Curled into a delicate grey hoop, a small snake lay on the concrete step of the nature lodge in the Ecuadorian Cloud Forest. Erin, my fiancé, and I were only volunteer managers of the place for three months, and the amazing biodiversity of the place often left us scratching our heads with many animal encounters. It was nice to finally have an animal sit still while we were able to leaf through field guides and identify the snake.
On a trip by myself from the local town into the nature reserve, I was walking along the road when I encountered another snake. The snake on the road was gracefully spread to maximize exposure to the sun. The snake was a dazzling array of three colors, banded in red, yellow and black. The colors were the same bright warning pattern of coral snakes.
In North America there’s a rule of thumb to distinguish between coral snakes and harmless mimics. “Red on black, poison lack, red on yellow kills a fellow,” goes the rhyme I learned in Boy Scouts. Red stripes on black stripes means non-venomous. I’m still not certain the rule of thumb holds in South America like North America. I first took a photo of the snake and pondered how to get the reptile safely off the road, where a car would almost certainly kill the snake. I found a large branch and lifted the snake and moved it off into the vegetation on the shoulder. The snake quickly slithered even faster away from me, with no show of violence at all.
Later, while looking at my photo of the snake with a guide book in hand, I was able to see that the brightly colored snake on the road and the snake curled on our porch were both part of the same genus, Dipsas. The name Dipsas has a strange origin in mythology, according to a story told by Sophocles about a snake that caused enormous thirst, a donkey giving into the thirst trades the antidote for old age for water. It doesn’t explain any connection to thirst but Dipsas snakes are a group of snakes adapted to an odd niche.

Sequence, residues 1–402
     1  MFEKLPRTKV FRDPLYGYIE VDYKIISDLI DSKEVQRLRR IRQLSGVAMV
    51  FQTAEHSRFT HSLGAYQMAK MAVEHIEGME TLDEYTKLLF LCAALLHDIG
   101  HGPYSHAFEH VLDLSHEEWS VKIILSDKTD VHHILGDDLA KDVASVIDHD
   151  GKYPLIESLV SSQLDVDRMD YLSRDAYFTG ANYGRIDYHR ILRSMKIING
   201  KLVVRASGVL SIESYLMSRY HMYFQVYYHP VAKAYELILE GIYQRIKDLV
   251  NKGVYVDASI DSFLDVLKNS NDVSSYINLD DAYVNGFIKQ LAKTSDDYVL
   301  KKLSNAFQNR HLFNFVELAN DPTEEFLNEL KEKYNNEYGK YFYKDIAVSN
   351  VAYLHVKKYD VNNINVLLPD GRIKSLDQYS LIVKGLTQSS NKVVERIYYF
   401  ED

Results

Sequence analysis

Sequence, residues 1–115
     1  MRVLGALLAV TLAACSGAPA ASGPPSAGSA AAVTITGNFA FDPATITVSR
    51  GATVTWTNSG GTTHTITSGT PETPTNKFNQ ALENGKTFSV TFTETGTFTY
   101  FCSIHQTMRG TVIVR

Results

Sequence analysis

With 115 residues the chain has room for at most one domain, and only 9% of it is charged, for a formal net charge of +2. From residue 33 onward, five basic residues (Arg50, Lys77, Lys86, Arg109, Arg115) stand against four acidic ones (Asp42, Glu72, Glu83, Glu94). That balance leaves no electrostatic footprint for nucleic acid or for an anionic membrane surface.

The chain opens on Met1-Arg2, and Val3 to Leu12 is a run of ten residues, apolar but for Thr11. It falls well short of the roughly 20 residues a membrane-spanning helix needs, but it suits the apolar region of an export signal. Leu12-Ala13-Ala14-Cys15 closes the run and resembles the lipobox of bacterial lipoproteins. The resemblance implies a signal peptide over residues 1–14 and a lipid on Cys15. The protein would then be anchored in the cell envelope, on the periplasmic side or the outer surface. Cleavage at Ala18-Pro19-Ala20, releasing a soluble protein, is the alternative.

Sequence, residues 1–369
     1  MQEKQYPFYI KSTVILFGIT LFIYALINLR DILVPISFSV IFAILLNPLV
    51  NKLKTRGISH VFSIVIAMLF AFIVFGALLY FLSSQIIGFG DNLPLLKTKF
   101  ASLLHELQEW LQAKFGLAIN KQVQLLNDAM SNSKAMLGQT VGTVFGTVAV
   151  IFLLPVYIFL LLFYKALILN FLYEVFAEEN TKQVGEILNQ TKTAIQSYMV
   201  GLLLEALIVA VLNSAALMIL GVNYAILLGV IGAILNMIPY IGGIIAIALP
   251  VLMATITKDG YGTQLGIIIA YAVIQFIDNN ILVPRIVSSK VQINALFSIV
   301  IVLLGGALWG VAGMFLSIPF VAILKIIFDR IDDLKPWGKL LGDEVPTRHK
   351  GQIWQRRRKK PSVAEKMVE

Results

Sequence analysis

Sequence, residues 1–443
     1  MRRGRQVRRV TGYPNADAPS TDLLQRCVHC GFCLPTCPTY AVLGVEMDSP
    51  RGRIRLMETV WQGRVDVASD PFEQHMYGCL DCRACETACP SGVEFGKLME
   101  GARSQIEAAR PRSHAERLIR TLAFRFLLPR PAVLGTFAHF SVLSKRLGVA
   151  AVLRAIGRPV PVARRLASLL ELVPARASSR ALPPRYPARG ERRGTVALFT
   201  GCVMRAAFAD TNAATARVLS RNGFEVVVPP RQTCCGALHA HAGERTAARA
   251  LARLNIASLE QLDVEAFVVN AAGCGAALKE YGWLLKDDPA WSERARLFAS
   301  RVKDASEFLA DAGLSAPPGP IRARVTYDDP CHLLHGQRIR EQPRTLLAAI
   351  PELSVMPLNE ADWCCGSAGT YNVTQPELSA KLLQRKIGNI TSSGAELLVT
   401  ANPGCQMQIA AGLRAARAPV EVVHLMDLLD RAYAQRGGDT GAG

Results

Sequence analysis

Dipsas snakes are also known as snail eaters, meaning they actually specialize in eating snails. There are actually two groups of snail-eating snakes. There is the old world sub-family Pareinae living in Southern Asia and the new world family Dipsadidae, which included the genus of the two snakes I saw in Ecuador and are found from Mexico to Brazil. The two snake groups aren’t closely related, instead snail eating evolved separately in each subfamily. There are over 700 known species in the family Dipsadidae.
Those in the genus Dipsas are the main genus in family Dipsadidae, and there are only a little over 30 species in genus Dipsas. Snakes in genus Dipsas are rear fanged. Dipsas tend to be slender like the small snakes I found in the cloud forest. Also similar to the species I witnessed, many Dipsas are colored with bands of color, often alternating with white bands.
The drabber Andean Snail-Eater (Dipsas andiana) I found curled on the lodge porch also had a little horseshoe shape on its head which helped me identify the serpent to species. The scarier brightly colored snake I saw spread across the road turned out to be a Graceful Snail-Eater (Dipsas gracilis), the bright colors undoubtedly frightened away predators but would’ve done nothing to an approaching car.
What the family Dipsadidae shares in common shows an interesting way of making a living. Mostly snail-eating snakes are active at night, often they are arboreal, hunting their prey in trees. Snail-eaters will follow that delicate tracery we call a snail trail, actually a residue of mucus to find snails. When the snake finds a snail, she bites the snail close to its shell. As the snail tries to retract into the safety of its shell, it draws the snake’s upper jaw inside as well. The snake’s lower jaw flexes around the outside of the shell, careful not to break it. The snake then contracts its upper mandibles, pulling in one and then the other, slowly extracting the snail from its shell to become a serpentine meal.
The weirdly specific life of the snail-eating snake, an animal that lives almost entirely on prey most humans don’t even consider tells us something. It tells us about the evolutionary battle raging around us, how natural selection carves out sometimes tiny niches upon which a species or a family must reside. There is also something of intricate beauty in the story of snail eating snakes, creatures living interesting, violent lives we know so very little about. Many of the snake species are specialized not just in snails but a couple types of specific snails. What is the world to one of these snakes or to their prey?
By Zach Fitzner, Earth.com Staff Writer